This post about our family’s Winter adventure of HUS and E Coli has been long over due.
It has been hard to just sit down and get serious about writing a post about it all because I am so buried with life and making sure Presto is getting what he needs to heal. It has also been hard to know where to start telling the story.
Luckily, I found an email I had written to my college roommate one week after Presto and EB came home from PCMC. It is an accurate synopsis of what happened without being too long and descriptive. I changed and corrected a couple of things in the original email and added some pictures to help tell the story of our 32 days at PCMC.
But the truth of it is–the story is not yet over; we are just in chapter two as of late.
Here is the first chapter: 32 Days.
On Dec 23, 2012, our little Presto (6 yo) started vomiting and having diarrhea. He continued to get worse and on Christmas Eve we had to take him into our Dr because we were really worried about dehydration. He was going out both ends continuously so we knew he was very ill. At our clinic, the Dr gave him two bags of IV and we took him home so we could have Christmas. But on Christmas afternoon, he had not improved and so we went to the ER. There we were told that they suspected E Coli and that Presto was developing into a condition called HUS (Hemolytic Uremic Syndrome) and that his kidneys were starting to fail. We were told to rush down to Primary Children’s Medical Center that same night as they could not help him at our local hospital.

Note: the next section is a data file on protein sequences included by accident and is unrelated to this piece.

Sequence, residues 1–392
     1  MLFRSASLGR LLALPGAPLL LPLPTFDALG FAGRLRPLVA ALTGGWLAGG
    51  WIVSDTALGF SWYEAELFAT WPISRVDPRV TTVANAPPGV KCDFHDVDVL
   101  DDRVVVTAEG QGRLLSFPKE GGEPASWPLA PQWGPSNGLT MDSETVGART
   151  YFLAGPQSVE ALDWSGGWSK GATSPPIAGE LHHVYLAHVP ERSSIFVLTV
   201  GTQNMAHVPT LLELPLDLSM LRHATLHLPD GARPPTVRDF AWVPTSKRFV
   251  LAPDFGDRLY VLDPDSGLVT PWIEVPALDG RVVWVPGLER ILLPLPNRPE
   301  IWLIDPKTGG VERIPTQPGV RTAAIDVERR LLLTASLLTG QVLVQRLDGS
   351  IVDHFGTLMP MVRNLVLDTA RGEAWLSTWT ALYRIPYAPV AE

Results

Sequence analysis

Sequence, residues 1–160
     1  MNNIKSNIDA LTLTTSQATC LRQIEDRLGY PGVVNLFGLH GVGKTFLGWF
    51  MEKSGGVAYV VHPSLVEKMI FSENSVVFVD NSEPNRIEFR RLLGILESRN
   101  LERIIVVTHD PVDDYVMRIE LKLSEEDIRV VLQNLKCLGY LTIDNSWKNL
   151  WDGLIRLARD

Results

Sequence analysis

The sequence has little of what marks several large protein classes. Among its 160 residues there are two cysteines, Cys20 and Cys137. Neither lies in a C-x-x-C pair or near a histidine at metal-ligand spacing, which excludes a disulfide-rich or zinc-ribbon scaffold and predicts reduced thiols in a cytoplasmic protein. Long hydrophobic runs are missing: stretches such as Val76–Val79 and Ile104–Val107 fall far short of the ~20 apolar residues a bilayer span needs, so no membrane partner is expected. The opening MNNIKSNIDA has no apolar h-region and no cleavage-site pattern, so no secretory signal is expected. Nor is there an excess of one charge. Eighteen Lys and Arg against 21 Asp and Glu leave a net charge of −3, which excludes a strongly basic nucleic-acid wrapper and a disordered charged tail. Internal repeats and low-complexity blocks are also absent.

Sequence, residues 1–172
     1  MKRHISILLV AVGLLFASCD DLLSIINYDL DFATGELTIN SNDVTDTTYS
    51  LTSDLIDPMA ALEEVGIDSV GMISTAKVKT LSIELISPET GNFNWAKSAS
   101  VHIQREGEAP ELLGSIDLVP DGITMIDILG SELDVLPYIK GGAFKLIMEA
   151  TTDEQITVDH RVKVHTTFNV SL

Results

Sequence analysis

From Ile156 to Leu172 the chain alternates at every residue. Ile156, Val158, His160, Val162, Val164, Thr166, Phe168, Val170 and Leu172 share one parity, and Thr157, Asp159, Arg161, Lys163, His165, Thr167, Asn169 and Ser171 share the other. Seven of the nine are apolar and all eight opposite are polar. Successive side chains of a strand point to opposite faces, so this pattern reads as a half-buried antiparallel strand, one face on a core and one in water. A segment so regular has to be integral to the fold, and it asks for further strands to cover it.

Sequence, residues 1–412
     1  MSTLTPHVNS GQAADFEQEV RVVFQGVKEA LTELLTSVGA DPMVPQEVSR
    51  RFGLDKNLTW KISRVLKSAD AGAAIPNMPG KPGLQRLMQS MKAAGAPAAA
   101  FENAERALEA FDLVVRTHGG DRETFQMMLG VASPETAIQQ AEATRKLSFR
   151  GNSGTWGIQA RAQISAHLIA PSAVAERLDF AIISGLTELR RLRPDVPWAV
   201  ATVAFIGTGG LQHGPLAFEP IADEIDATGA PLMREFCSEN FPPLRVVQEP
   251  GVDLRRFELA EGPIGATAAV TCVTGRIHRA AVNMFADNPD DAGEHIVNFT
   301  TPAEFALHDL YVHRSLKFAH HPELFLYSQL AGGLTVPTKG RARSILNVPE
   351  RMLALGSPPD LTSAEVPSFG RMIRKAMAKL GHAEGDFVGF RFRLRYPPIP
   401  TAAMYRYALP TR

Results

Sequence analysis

We packed up our whole family (7 children, EB and I) and headed to PCMC on Christmas evening. We arrived there around 11:00 pm and were relieved to get Presto some help. He was so very sick and we just were distraught with worry. We stayed for a week with my brother who only lives 18 minutes from the hospital, and EB and I would change shifts between taking care of Presto at PCMC and taking care of our other children. After a very draining and sleepless week, around New Year’s Eve I decided to head home, restock and give my brother’s family a break from us all. Presto was stable and it was a good time for me to leave. EB stayed with Presto and the rest of us headed home.
After staying for New Year’s Eve, I packed up again and headed back to Salt Lake on New Year’s day, my birthday. JQ and Dolly M had to stay home for school stuff so I took Babups, Eboo, and JuBean with me to head back to PCMC. The only thing, Eboo (our 9 yo) started to show signs of what Presto had just as we were traveling back down to Salt Lake. When we arrived at PCMC, Eboo was having frequent diarrhea, cramping and throwing up just like Presto. Then her stools became bloody, a tell tale sign of E Coli. I couldn’t believe it, was in shock, but grateful we were already there in the right place. So on New Year’s evening, we admitted the 2nd child to PCMC hoping and pleading that Eboo wouldn’t develop into HUS like Presto.
After assessing this new turn in events, EB and I made the decision that maybe me being in the hospital during the day and then going home at night, could be endangering our other children and my brother’s family by possibly carrying the E Coli back on my clothing etc. How did Eboo come down with it too? So with much sadness, I took the rest of the family and headed back home. Gratefully, our oldest son, B Trout, was living in the Salt Lake area and was able to help EB out by staying in the other room with Eboo. (Eboo was having painful cramping diarrhea every 20-30 minutes for 3 straight days. She was also throwing up but not as much as Presto. She had an IV so she needed help going back and forth to the bathroom.)